Companies must track absences more closely to uncover mental health issues in their workforce
To mark World Mental Health Day[i] on 10 October, this article will look at how UK employers can use a range of solutions, including technology to overcome stigmas and better support staff suffering from mental health conditions.
Research from health insurer BHSF[ii] found that a fifth (42%) of UK employees call in sick citing a physical illness, when the real reason is a mental health issue. The report found that over half (56%) of employees admitted suffering from stress, a third (36%) from anxiety and a quarter from depression (25%). But, many workers suffer in silence. Only 15 per cent would tell their boss the truth about having a mental health issue.
Employers have a duty of care to look after their staff’s mental wellbeing but too often they don’t know where to start.
Technology can be used to track short and long-term absences and identify if someone is suffering from stress, anxiety or depression. If people are taking regular days off sick or more days off than usual, it could be a sign something more serious is going on.
Absence management software highlights recurring patterns and provides insight for employers, so they can to talk to their staff gently and privately to discuss the real causes of sick days.
Open communication about mental health is also essential. People would rather be perceived as being lazy than having a mental health problem, so leaders must reassure people there are no stigmas around mental health. They could also promote mental health support services such as EAPs or counselling and use great events such as World Mental Health day to communicate positive mental health messages.
Here are my tips for improving workplace mental health:
• Talk about stress and mental health to get rid of any stigmas. Engage with stressed employees before they reach the stage where they need to take long term absence.
• Line manager training is vital – they see employees every day. With the support of occupational health, they can be trained to spot the early signs of stress and depression.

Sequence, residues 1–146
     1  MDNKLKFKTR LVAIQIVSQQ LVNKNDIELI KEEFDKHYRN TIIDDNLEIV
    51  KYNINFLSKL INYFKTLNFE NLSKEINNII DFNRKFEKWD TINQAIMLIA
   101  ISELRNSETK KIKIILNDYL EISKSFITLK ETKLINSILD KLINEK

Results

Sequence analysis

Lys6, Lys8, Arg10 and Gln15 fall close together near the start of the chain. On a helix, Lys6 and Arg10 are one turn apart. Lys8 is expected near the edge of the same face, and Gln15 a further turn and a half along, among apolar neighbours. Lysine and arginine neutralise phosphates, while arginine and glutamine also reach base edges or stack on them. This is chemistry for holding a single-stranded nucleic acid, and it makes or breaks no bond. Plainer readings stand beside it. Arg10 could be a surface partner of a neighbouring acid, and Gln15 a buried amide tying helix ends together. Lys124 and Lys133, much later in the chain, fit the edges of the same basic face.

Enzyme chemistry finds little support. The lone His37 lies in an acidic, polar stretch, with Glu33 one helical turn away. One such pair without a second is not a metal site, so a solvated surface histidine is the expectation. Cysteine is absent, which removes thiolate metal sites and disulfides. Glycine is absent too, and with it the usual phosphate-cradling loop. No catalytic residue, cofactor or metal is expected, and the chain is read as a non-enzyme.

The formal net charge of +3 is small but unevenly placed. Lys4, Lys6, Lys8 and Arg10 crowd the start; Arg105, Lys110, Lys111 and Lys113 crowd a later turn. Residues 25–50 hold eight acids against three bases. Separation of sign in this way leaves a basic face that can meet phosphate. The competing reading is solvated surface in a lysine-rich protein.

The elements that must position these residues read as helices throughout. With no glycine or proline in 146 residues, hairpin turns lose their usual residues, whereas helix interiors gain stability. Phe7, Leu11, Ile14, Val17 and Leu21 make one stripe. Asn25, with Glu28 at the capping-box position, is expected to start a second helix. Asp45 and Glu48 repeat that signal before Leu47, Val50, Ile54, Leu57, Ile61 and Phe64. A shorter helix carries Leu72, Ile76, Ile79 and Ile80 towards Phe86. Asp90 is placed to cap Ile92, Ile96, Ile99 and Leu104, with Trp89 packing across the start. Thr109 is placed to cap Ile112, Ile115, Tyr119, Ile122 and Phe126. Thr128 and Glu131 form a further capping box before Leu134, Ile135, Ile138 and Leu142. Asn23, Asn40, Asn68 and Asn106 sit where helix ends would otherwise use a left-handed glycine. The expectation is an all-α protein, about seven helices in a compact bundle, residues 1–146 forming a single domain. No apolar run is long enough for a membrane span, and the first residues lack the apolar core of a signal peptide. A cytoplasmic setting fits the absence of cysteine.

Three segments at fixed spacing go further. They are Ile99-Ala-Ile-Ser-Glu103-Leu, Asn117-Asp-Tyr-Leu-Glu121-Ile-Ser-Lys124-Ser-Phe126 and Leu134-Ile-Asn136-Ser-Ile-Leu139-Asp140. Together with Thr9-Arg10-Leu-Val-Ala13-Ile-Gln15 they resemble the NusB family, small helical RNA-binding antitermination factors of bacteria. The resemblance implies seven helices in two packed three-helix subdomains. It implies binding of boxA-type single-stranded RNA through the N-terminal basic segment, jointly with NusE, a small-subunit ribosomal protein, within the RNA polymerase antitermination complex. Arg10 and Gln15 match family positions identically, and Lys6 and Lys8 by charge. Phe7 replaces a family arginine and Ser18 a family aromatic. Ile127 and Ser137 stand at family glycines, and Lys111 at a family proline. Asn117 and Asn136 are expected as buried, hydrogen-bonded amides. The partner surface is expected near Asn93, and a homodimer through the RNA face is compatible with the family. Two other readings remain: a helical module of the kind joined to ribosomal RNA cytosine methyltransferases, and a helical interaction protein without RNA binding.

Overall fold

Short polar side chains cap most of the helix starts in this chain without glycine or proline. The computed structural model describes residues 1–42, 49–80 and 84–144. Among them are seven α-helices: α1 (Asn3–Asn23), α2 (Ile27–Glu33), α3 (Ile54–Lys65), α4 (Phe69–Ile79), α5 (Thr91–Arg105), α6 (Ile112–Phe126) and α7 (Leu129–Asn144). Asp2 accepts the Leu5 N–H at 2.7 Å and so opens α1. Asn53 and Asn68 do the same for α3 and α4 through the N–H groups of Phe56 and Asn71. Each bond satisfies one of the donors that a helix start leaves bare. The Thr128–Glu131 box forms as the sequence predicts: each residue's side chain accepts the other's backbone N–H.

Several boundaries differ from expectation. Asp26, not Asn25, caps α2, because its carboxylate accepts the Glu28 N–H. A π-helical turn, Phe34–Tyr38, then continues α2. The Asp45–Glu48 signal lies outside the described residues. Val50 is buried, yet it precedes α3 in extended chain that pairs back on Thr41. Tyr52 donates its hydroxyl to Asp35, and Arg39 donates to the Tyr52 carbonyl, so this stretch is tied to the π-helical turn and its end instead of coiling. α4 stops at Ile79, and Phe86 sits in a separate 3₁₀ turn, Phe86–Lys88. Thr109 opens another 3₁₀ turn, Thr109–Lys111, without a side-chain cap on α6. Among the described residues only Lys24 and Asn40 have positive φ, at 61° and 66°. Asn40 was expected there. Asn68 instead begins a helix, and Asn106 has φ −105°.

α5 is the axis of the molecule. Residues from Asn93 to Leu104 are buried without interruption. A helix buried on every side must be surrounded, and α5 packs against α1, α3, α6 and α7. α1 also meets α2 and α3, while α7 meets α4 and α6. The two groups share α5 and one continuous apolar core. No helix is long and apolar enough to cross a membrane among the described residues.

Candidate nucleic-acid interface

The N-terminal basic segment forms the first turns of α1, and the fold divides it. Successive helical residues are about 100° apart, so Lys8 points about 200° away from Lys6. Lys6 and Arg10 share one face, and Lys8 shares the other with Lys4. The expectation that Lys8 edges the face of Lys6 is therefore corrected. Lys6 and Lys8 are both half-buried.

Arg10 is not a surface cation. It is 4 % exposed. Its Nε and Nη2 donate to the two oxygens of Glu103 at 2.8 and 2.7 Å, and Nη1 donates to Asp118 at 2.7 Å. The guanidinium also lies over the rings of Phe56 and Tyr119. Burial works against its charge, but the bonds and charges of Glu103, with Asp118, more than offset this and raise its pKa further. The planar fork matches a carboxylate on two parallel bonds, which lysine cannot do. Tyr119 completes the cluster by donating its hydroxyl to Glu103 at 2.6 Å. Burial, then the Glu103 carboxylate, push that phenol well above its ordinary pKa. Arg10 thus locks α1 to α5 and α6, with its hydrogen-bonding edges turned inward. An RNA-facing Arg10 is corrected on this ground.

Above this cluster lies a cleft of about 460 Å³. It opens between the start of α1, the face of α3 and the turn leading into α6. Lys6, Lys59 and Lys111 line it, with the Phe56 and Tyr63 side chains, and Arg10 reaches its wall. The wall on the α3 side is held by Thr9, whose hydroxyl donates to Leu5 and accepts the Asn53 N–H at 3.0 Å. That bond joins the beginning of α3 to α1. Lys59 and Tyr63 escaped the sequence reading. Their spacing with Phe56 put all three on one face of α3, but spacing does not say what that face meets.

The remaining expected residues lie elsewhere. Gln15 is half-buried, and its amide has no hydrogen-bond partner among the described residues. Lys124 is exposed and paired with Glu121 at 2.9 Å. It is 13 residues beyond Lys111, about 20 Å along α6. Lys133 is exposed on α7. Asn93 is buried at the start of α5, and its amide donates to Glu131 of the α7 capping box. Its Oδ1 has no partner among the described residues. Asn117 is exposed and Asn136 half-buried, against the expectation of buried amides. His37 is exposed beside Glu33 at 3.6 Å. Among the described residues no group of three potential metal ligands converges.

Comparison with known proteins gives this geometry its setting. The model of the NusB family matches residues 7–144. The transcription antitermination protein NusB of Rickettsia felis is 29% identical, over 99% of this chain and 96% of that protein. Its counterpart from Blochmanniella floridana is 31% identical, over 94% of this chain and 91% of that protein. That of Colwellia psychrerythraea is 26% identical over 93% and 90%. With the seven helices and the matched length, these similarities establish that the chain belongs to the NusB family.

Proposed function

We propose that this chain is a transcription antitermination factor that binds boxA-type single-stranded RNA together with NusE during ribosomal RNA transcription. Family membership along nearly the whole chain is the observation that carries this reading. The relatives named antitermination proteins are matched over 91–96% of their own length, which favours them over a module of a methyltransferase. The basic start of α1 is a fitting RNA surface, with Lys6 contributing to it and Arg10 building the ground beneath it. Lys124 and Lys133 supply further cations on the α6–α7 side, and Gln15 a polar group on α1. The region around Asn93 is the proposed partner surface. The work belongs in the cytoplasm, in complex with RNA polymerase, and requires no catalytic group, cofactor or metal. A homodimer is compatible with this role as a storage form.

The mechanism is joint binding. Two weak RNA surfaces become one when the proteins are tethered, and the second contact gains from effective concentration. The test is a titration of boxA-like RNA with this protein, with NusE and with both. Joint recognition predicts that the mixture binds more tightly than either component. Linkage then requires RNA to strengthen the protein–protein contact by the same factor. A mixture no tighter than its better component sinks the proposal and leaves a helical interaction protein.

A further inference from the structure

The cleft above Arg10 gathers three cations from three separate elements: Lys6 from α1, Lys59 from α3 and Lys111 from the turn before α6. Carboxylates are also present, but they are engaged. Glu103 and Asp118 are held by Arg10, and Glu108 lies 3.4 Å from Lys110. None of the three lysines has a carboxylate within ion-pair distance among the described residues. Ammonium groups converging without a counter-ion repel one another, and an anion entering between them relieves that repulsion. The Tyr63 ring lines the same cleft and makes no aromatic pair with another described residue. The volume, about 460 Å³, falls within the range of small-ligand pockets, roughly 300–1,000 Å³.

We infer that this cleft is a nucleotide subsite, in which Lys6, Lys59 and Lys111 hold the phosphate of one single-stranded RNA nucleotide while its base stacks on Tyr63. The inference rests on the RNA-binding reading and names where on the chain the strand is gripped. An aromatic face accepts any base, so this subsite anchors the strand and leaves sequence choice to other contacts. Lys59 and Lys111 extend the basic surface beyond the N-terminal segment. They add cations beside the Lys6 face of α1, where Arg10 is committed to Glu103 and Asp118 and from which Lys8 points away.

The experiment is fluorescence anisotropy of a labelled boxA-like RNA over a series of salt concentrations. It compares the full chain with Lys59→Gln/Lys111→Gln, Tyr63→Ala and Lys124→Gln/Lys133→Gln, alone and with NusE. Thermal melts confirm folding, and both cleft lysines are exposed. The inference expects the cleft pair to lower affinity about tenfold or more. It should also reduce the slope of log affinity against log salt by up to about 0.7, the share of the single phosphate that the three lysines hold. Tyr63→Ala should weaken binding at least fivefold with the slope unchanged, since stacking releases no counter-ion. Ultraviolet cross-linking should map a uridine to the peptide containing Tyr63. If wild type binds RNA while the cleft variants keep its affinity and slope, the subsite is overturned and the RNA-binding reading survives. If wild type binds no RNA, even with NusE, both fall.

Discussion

• Take short term absences seriously. If employees are off sick, ensure they complete a return to work form about the absence. Follow this up with a gentle return to work interview.
• When conducting a return to work interview, interviewers need to see beyond the words. Communicate that mental health issues are as valid as physical illness and can be used as a reason for absence.
• During the return to work interview gently probe the given reason for absence. Do they seem tired or sad? Is there something that ‘feels’ not quite right? Occupational health can train line managers on the signs to look out for.
• Ask if the employee needs support and let them know a) that you care and b) remind them of any support provisions within the company benefits package or within occupational health.
• Once a mental health issue is identified, consider if flexible working arrangements or special adjustments would help. Could the employee work from home one day a week, or come to work later if, for example, their medication makes them sleepy first thing in the morning?
Mental health issues are a growing problem, but there is a lot more employers can do to recognise the signs, encourage a culture of openness and offer support where it’s needed. Understanding your staff and getting to the root causes of absenteeism is a good place to start and can make a big difference to the outcome for both the business and the employee.
[i] https://www.mentalhealth.org.uk/campaigns/world-mental-health-day [ii] http://workplaceinsight.net/fifth-of-workers-fake-physical-illness-to-cover-up-mental-ill-health/